Welcome to NewsFile, your weekly resource for major events, newsy tidbits and happenings from the worlds of contemporary ceramic art and contemporary ceramics. We have a new exhibition from Grayson Perry and some exciting news for the Victoria and Albert Museum, but let’s dive in with a farewell to a beloved artist.
Dancer turned Ceramist Paulus Berensohn Dies
A beloved artist, who not only shared a passion for dance, but also for teaching and ceramics has died. The New York Times reports Paulus Berenson died June 15 in Asheville, N.C. He was 84.
Mr. Berensohn was perhaps best known for the book “Finding One’s Way With Clay” (1972), a guide to making pinch pots that blended instructions for making these simple clay bowls with reflections on art, the environment and spirituality, and that advanced the idea that creativity was universal.
A charismatic and striking figure, his lean dancer’s body topped by a snow-white ponytail, Mr. Berensohn was also a magnetic speaker who, with a resonant voice, often recited poetry on the fly and spoke passionately to students about art and environmental issues.
Berensohn turned to ceramics after visiting an artist community along the Hudson River. The kinesthetic experience in shaping and creating clearly resonated with the Cunningham- and Graham-trained Berensohn.
“I thought, that’s a dance to learn,” Mr. Berenson told the Smithsonian Archives of American Art in an oral history interview in 2009, the Times writes.
He spent nearly 40 years affiliated with the Penland School of Crafts in Bakersville, N.C., about an hour northeast of Asheville, holding pottery and journal-making workshops.
Celebrating 100 years of Ettore Sottsass’ Life and Work
In a move to honor the late Italian architect and designer, Friedman Benda gallery showcased an entire stand surveying the life and work of Ettore Sottsass (1917-2007) at Design Miami/Basel making the 100 anniversary of his birth, The Art Newspaper writes.
“Many are familiar with his name, but the breadth of his work remains largely unexplored, especially by the art world. He was a creator in the true sense, bringing new ideas and sensibility to life; it’s rare to do that over so many decades. His legacy is still undigested because he kept reinventing himself. He responded to what he saw around him and worked with the new materials and technologies introduced during his lifetime. With some historical references only now starting to emerge, this is a seminal moment for a re-evaluation.” —Marc Benda
On display included examples of Sottsass’ cabinets, lighting, glass, and ceramic objects.
Grayson Perry’s New Exhibition Explores Popularity, Identity
In a way that only Grayson Perry can, he has wittingly created The Most Popular Art Exhibition Ever! (June 8 – September 10, 2017) at Serpentine Galleries. Perry insightfully pokes at normative societal conventions touching on themes such as popularity and art, masculinity and the current cultural landscape.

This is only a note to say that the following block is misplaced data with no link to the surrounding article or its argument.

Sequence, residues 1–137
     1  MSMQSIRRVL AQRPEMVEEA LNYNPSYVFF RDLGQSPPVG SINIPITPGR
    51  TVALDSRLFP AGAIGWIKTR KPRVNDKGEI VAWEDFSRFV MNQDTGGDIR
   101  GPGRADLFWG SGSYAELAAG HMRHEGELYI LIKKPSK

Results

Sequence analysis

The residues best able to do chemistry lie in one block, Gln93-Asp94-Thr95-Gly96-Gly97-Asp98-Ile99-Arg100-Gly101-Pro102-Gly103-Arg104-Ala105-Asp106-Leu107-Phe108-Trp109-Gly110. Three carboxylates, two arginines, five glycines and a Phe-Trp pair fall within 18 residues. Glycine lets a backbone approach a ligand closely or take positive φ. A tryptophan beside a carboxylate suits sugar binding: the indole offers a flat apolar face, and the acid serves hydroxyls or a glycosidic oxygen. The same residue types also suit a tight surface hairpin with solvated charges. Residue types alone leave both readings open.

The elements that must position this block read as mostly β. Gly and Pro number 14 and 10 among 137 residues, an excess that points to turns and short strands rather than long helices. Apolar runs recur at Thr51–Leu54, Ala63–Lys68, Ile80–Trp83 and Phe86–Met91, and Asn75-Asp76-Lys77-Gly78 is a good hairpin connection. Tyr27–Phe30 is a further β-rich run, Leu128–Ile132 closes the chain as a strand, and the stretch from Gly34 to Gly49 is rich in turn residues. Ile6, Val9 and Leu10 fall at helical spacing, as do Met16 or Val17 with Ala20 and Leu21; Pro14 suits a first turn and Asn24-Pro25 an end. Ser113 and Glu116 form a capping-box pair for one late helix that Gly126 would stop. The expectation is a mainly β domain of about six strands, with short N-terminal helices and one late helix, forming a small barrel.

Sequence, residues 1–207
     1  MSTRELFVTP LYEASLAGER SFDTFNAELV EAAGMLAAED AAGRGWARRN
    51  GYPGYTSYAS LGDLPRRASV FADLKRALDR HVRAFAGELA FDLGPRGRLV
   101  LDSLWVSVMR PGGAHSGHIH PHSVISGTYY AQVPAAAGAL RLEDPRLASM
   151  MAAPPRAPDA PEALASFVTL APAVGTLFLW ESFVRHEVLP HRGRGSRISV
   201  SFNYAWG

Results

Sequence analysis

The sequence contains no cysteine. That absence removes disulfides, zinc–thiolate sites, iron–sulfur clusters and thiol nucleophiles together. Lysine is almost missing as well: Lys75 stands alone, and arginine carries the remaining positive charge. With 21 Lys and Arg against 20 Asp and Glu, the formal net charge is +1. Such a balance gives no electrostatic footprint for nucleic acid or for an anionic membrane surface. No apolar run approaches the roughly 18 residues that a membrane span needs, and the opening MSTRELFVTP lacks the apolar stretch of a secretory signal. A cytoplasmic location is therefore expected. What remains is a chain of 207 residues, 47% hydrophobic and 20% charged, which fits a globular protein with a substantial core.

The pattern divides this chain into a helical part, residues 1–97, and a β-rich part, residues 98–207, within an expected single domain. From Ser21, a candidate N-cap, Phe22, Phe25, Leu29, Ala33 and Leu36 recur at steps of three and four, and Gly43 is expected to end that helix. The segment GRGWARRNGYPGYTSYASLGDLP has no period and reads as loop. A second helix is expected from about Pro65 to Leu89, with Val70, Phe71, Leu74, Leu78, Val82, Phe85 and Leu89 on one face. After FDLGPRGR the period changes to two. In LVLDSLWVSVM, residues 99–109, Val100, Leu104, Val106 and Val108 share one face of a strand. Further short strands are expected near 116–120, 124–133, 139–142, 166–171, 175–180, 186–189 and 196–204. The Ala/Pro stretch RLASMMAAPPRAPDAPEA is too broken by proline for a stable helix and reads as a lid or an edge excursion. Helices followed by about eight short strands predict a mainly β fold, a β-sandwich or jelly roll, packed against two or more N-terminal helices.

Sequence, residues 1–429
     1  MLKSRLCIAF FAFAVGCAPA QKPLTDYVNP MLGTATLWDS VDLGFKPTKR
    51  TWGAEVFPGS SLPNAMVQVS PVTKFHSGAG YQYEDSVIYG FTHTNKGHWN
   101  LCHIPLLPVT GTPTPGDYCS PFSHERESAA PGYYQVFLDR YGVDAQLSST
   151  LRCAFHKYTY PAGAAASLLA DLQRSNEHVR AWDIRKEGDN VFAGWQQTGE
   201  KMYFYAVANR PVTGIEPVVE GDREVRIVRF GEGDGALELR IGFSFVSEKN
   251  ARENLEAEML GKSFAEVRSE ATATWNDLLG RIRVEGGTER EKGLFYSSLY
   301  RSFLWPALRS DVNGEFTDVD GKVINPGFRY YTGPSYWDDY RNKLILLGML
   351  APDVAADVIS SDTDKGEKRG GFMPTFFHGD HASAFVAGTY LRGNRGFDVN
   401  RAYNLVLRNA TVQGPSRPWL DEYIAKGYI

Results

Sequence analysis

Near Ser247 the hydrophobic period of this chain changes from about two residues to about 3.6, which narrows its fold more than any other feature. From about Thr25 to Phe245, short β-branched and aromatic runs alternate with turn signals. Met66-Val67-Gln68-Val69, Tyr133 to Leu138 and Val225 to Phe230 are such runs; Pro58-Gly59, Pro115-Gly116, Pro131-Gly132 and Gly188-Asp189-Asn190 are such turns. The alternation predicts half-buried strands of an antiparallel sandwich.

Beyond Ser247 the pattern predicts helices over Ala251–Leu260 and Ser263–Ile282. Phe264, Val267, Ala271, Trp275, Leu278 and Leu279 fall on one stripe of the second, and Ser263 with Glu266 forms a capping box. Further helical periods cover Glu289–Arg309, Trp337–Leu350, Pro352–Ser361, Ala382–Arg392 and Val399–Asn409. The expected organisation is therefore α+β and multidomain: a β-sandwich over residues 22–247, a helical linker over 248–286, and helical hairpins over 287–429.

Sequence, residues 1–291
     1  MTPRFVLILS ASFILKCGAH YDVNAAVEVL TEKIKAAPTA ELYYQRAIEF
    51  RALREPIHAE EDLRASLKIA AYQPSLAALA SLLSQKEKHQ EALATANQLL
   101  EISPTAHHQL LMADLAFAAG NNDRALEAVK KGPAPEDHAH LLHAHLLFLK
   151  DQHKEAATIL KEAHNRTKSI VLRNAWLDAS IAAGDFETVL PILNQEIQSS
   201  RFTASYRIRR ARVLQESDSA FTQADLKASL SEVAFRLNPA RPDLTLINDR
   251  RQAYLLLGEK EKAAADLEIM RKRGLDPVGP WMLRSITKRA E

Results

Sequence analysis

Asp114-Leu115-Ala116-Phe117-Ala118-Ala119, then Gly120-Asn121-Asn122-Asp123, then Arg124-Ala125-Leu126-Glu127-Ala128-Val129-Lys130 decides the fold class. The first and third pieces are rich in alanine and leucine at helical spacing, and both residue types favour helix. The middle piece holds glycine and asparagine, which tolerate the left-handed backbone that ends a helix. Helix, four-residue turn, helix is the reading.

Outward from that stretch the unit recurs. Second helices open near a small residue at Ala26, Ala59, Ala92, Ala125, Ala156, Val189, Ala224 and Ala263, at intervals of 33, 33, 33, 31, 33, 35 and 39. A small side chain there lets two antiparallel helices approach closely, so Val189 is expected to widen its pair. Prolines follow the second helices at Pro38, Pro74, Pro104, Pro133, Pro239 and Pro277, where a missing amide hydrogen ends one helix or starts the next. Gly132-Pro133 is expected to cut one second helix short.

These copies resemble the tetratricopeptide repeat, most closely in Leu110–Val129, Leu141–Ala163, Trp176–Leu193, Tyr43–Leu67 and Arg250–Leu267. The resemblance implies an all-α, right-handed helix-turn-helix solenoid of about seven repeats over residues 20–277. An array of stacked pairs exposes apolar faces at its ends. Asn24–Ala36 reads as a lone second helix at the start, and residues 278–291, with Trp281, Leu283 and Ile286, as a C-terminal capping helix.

The new works I am making all have ideas about popularity hovering around them. What kind of art do people like? What subjects? Why do people like going to art galleries these days? What is the relationship of traditional art to social media?”
At the heart of the exhibition are Perry’s Brexit vases Leave Pot and Remain Pot, which were the stars of Channel 4 documentary, in which Perry crowdsourced people on social media, on both sides of the argument, to contribute images and phrases for each vase.
The exhibition’s curator Rebecca Lewin offers insight to The Art Newspaper. Two works in the first room take differing perspectives on how the success of an exhibition is measured. The first is Puff Piece (2016), where several prominent art critics have given the artist (fictional) rave reviews. The second piece, Visitor Figures (2016), was “inspired by The Art Newspaper’s visitor figures report,” which comments on institutions needing to prove they are successful by quantitative measures.
The Art Newspaper was also able to attend a VIP (June 8) preview of the exhibition with Perry’s alter ego Claire!
Resplendent in a diaphanous blue frock, gold peep-toe platforms and clutching a canary yellow handbag donated by the show sponsors Mulberry—which he said made him feel “like a gnarled 57-year-old Alexa Chung”—the world’s most famous transvestite potter whipped the well-heeled crowd of Serp patrons on a whirlwind personal tour of the galleries.
Images courtesy the artist and Victoria Miro, London. Photography: Angus Mill
V&A Museum Expansion Features Gorgeous Tiles
The Victoria and Albert Museum will unveil its new courtyard entrance, foyer and purpose-built gallery for temporary exhibitions June 30. The Exhibition Road Quarter will feature a stunning arrangement of porcelain tile – the first porcelain-tiled public courtyard in the UK. The expansion, by British architect Amanda Levete, is intended to make it easier for the public to gain access, The New York Times writes.
The courtyard has been raised and paved with 10,100 porcelain tiles bearing geometric patterns designed by Ms. Levete. On the left side of the courtyard is a modern, glass-fronted cafe with a sharply slanting roof, and across from the courtyard is the foyer, through which visitors can enter the new exhibition galleries (as well as the museum itself).
The museum writes the Exhibition Road Quarter will provide a grand new entrance to the Museum, a beautiful courtyard and a stunning purpose-built gallery for the Museum’s world-class temporary exhibitions.
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